Eye For Film >> Movies >> Rokuroku: The Promise Of The Witch (2017) Film Review
Rokuroku: The Promise Of The Witch
Reviewed by: Jennie Kermode
In July 2017, a giant salamander crawled out of the Kamogawa river in Japan and took a stroll along the bank. Did people call animal protection groups and ask for advice? At least one did, but others called the police and said "Help! It's a monster."
There's a cultural expectation of monsters in Japan that is found in few other parts of the world. Every culture clings to some legacy of its pre-scientific past - in the UK, for instance, people are willing to subscribe all sorts of things to the spirits of the dead if they can't explain them rationally. In Japan, monsters - giant ones, mutated ones, hybrids of human and animal, and altogether stranger things - belong to a mythology that's still close to the surface, hence the kaiju films that have become popular all around the world. They're found throughout the country's cinematic history, even in the work of masters like Akira Kurosawa, sometimes used literally and sometimes symbolically, with varying degrees of seriousness. Rokuroku: Promise Of The Witch makes them its central subject and displays them in all their glory, no holds barred.
Izumi and Mika were friends at high school. When Izumi, who leads a quiet life working in an office and helping her mother care for her grandfather, gets a call from Mika out of the blue, she's delighted by the opportunity to get together again. But something strange is going on in their local area. Mischievous yokai, a sinister ageing nekogirl, a predatory rooftop spirit and even a giant sea monster with human hands for teeth menace its inhabitants. There's a reason why Izumi's grandfather protests that something is watching him from the garden and carries a jangling stick with him wherever he goes. To resolve the mystery and face a danger they cannot escape, the two young women must remember an incident in their childhood that both have spent years trying to forget.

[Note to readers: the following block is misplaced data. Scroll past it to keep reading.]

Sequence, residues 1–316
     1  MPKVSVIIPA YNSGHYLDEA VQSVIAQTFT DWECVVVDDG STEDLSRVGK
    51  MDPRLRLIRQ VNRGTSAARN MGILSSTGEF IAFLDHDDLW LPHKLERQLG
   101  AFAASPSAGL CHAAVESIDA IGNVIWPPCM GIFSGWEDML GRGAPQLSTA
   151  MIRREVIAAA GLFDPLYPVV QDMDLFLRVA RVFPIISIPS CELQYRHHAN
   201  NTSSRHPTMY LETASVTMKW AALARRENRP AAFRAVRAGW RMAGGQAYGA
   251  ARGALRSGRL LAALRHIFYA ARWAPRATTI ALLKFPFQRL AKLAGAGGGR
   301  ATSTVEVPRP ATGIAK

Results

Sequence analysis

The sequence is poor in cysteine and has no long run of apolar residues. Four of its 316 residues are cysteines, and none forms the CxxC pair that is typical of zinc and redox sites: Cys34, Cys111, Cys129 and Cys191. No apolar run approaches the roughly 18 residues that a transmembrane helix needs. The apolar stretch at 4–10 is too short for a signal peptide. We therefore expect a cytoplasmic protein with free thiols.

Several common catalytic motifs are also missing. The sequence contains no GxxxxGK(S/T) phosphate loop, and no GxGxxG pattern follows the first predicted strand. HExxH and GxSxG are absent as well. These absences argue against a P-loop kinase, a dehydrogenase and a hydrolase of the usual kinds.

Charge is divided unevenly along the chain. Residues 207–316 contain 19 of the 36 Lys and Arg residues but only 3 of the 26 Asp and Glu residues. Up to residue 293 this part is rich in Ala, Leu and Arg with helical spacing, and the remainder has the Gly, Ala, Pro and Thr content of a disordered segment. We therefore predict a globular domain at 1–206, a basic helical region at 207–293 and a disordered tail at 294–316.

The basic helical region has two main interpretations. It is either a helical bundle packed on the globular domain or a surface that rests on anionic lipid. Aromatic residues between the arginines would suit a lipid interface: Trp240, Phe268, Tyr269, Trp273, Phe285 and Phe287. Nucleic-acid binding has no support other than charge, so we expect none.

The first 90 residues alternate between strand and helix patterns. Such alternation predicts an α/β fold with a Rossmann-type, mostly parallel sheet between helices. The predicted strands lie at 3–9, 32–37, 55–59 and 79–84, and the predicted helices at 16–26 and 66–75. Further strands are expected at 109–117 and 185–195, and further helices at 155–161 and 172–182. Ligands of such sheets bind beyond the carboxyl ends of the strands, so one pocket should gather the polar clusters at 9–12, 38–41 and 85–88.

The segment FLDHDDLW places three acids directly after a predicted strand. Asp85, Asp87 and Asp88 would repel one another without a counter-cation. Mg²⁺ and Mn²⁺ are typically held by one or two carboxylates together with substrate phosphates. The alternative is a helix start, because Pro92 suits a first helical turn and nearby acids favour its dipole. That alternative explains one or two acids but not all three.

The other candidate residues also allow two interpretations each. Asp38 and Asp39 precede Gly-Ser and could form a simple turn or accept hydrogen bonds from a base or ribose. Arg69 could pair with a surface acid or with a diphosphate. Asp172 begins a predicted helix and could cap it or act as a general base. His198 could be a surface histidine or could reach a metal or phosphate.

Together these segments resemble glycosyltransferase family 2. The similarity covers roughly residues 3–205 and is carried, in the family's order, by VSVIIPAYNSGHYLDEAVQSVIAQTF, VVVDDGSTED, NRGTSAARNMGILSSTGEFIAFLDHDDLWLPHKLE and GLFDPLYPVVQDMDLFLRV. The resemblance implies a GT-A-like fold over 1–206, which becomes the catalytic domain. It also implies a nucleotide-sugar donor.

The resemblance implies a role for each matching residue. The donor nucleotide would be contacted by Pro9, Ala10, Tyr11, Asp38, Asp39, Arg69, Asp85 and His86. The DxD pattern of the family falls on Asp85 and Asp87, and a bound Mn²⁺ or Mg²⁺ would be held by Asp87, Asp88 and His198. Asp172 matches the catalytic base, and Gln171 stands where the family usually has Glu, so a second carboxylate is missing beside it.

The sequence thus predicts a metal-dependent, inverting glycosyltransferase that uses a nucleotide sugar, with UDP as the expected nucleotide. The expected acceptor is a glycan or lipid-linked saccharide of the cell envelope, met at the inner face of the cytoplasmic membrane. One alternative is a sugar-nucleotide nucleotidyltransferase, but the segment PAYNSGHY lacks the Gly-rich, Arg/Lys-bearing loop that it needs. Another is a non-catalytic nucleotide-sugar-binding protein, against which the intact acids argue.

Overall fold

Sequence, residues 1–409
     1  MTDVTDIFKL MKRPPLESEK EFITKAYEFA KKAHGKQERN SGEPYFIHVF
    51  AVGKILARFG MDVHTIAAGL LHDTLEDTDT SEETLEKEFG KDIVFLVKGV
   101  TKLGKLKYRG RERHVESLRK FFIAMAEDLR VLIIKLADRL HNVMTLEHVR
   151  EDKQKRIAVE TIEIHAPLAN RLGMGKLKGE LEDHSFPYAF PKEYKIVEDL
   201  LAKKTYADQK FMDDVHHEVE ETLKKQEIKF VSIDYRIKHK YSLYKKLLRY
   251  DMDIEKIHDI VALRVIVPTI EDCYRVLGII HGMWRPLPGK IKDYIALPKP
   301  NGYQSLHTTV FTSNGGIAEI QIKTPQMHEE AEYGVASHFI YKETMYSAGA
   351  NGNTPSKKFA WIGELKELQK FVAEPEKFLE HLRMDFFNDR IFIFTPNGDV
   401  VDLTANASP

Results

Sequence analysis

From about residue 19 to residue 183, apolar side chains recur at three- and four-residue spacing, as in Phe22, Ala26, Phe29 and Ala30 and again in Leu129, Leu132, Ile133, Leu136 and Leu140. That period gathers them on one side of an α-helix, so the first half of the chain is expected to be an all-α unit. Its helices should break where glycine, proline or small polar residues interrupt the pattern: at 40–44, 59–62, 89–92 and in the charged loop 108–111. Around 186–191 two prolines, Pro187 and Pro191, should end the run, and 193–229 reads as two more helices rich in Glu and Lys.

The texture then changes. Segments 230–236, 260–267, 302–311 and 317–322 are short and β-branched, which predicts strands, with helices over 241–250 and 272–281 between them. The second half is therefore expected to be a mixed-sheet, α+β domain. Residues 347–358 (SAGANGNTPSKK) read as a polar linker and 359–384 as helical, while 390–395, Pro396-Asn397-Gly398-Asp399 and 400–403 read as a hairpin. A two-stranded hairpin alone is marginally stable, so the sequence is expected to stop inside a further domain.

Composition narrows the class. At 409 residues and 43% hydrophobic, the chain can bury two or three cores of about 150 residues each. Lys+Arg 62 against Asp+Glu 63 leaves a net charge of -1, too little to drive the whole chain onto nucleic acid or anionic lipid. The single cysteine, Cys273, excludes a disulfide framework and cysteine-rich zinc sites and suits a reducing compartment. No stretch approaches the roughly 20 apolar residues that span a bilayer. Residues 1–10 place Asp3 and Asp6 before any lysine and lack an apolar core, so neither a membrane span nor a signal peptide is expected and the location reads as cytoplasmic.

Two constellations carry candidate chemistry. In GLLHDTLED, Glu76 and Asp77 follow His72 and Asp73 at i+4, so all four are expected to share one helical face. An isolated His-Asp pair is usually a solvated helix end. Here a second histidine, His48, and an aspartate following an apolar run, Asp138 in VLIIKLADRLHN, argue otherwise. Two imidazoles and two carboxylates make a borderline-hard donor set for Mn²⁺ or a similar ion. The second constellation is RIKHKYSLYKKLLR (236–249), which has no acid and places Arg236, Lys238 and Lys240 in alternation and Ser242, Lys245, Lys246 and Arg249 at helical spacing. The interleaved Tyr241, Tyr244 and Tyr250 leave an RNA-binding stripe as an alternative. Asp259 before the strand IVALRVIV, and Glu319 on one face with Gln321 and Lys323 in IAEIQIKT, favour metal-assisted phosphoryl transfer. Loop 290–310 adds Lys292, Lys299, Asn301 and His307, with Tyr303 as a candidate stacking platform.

For most of its length, RokuRoku feels like an anthology film, a series of bizarre incidents in which puny humans come up against supernatural foes, but if you pay attention you'll begin to notice that all these tales are linked - perhaps all a product of the same malign presence, which has visited this place before. The strange logic connecting them invites viewers to more willingly suspend disbelief when confronted not only with unlikely beings but with Yudai Yamaguchi's distinctly outré style of filmmaking. The melodrama of the central characters' behaviour is typical of Japanese genre films, but when it comes to the female spirits, Yamaguchi turns everything up a notch. His use of colour undergoes a similar shift, with lurid reds and pinks infiltrating a landscape otherwise composed mostly of cools greys, greens and browns.
The monsters here have motives that, for the most part, are hard to fathom, though less confusing if you know a little about the legends associated with different types. Some myths are shared across cultures - witches often want the same thing. Spirits are capricious and often seem to treat the human characters as toys, but there's also a suggestion that at least some of those humans are getting what they deserve. Various rules emerge that might aid survival, but overall the moral seems to be don't be in the wrong place at the wrong time.
Wayward, manic and gleefully disorientating, Rokuroku will delight fans of Japan's more hyperbolic output and leave other viewers wondering what the hell just happened.Reviewed on: 23 Jul 2018